At Road Scholar, we offer educational adventures to 150 countries, but in recent years the most fascinating country to experience of them all is Cuba. The culture, the architecture, the performing arts and the abundant charm of the Cuban people make every visit there richly rewarding and for many people — transformational.
Recent news has some Americans questioning whether to visit Cuba, because it has been reported that many months ago, some U.S. and Canadian diplomatic staff experienced unexplained health issues. In response, the Cuban government invited U.S. officials to investigate the incidents. This was an unprecedented gesture of openness and goodwill by the Cuban government. The Cubans want the issue resolved as quickly as possible, because the last thing they want is for Americans to feel unsure about visiting Cuba or to jeopardize the great progress that has been achieved politically between our two countries in recent years.
So far, the investigations have no answer as to what happened. These were isolated incidents that affected a handful of government staff many months ago. Despite no recent problems, on September 29, 2017, the U.S. Department of State — unexpectedly — issued a travel warning, which has many of us confused as to its intentions.
We believe you can put any concerns about visiting Cuba to rest. Thousands of Road Scholar participants have been to Cuba in the time since the first report was noted, and there have been no reports of any Road Scholar participants or other visitors to the island being affected by the incidents as described in the travel warning. And no other government, including the Canadian government, is warning against travel to Cuba because of the incidents. Airlines are continuing to fly to Cuba, cruise ships are continuing to dock in Cuba and visitors from around the world continue to visit the island.
We have taken Road Scholars to Cuba since 1997, and the safety and well-being of our participants is always our primary concern. After carefully considering the warning and communicating both with the U.S. Department of State and with our contacts in Cuba, we do not believe these events pose a threat to participants going to Cuba. Therefore, all Road Scholar programs to Cuba are scheduled to operate as planned. We continue to meet the guidelines established by the U.S. government to take Americans to Cuba under our “People-to-People” license, and the U.S. Embassy in Havana remains open and continues to offer emergency services to U.S. citizens in need of assistance.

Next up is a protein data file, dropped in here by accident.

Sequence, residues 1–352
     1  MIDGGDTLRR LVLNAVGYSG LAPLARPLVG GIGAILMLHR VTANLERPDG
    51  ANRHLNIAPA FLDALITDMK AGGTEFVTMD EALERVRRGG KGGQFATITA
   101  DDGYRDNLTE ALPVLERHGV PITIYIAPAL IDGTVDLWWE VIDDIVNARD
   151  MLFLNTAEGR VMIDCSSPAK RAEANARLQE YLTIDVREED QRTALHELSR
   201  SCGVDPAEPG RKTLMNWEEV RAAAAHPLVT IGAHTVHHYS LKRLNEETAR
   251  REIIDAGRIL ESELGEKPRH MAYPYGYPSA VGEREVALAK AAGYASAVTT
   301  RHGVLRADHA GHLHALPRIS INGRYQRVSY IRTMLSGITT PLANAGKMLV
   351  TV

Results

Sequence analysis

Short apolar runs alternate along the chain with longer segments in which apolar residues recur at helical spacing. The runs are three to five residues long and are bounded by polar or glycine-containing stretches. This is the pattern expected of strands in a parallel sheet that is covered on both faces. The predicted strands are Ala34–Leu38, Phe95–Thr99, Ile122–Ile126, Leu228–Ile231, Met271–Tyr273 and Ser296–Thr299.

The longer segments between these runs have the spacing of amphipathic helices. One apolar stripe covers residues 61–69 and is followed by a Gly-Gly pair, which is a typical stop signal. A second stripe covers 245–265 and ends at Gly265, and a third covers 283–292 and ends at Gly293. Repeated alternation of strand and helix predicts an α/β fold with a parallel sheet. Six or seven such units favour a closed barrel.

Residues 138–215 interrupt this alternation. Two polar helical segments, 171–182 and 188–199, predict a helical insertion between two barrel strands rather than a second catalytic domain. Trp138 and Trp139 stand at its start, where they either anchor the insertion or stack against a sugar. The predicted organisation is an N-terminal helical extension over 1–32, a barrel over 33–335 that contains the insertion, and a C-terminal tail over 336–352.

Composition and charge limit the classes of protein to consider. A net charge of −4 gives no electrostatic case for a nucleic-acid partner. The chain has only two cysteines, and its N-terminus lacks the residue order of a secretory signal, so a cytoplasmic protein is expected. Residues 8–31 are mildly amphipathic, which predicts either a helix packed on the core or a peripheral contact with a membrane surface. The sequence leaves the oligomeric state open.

A team of Road Scholar staff have just returned from Cuba after assessing the impact of the recent hurricane. They report life is back to normal. The hotels and restaurants are bustling. The musicians are playing in the streets. The iconic 50’s-era cars are cruising up and down Havana’s thoroughfares. Cuba is as enthralling and brilliant as ever.
A Road Scholar participant just returned from a program to Cuba and was transformed by the experience. She wrote to us …
"As we walked in the afternoons, our instructors, Jim and Jose, spoke about the local buildings, food, clothing, people, shopping, and much more. We saw performances of a teen dance troupe, an a capella women’s chorus, a young children’s dance club, and a chamber music ensemble. We danced with the children and spent time with senior citizens dancing the traditional Danzon cubano at their local club. We visited a well-known potter’s atelier, a wood carver’s studio, Hemingway’s home, and a famous cigar store where their in-house cigar roller gave demonstrations.
In groups of four or five, we huddled two hours with college students and asked them pointed questions. They responded with candor. They are realistic and acknowledge that socialism doesn’t work (although they like all the free stuff). They don’t want to live under a military dictatorship. They want and expect change. They want the embargo lifted. They want democracy and freedom. “Americanos … amigos.”
The end of autumn and winter are the absolute best times to visit Cuba. We offer a wide variety of experiences to choose from in Cuba — learning adventures by land or by ship, to Havana and the countryside and many different parts of the island, each fascinating in their own way.
You can see our complete collection of educational adventures to Cuba here.
If you have any questions, please do not hesitate to call us toll-free at (877) 426-8056, M-F, 8:00 a.m. to 9:00 p.m. (ET).
Road Scholar offers opportunities to travel legally to Cuba under the new OFAC Regulations published June 5, 2019. Following the General License category “Support of the Cuban People,” Road Scholar programs include activities intended to strengthen civil society in Cuba. Each day's program promotes independence for the Cuban people and results in meaningful interactions with the Cuban people.
James Moses is the President and CEO of Road Scholar. He started with Road Scholar in 1979 as the organization’s very first registrar.
Thank you for this lovely overview and update. It is now nearly February 2018 and we are reading news stories telling there are travelers not embassy workers that have experienced issues. Since we leave in 2 weeks for Cuba we are of course a little concerned. What's the latest scoop?
Thank you for the update. I appreciate your comments. It puts my mind at ease. Would love to hear from other travelers. Looking forward to our trip
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